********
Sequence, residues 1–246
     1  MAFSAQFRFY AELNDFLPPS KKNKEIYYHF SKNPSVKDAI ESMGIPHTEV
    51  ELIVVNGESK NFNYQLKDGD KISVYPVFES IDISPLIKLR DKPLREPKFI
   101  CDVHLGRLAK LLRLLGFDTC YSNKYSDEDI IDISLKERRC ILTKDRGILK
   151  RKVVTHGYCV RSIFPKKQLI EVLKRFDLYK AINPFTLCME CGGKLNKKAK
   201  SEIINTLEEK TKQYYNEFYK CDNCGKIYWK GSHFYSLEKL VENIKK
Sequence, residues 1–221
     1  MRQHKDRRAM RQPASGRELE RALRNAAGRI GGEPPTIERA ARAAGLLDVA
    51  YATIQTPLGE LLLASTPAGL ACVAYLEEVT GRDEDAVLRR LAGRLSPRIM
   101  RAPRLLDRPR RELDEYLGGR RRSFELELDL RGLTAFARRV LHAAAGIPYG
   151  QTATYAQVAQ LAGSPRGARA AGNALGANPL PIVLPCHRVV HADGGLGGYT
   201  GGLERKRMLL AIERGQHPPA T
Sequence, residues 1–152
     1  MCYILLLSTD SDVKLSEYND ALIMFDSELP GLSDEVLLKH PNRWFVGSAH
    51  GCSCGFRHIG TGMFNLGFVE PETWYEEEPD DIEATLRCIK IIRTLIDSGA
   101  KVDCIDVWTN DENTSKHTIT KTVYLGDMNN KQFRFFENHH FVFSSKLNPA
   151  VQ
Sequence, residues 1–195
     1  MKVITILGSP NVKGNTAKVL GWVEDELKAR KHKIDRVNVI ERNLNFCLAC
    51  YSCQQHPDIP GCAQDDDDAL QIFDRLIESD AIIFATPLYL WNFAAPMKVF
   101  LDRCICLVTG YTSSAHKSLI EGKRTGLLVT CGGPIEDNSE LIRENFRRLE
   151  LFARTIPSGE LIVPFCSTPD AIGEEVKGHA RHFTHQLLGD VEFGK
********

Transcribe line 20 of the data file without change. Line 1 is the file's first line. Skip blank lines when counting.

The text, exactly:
    51  YSCQQHPDIP GCAQDDDDAL QIFDRLIESD AIIFATPLYL WNFAAPMKVF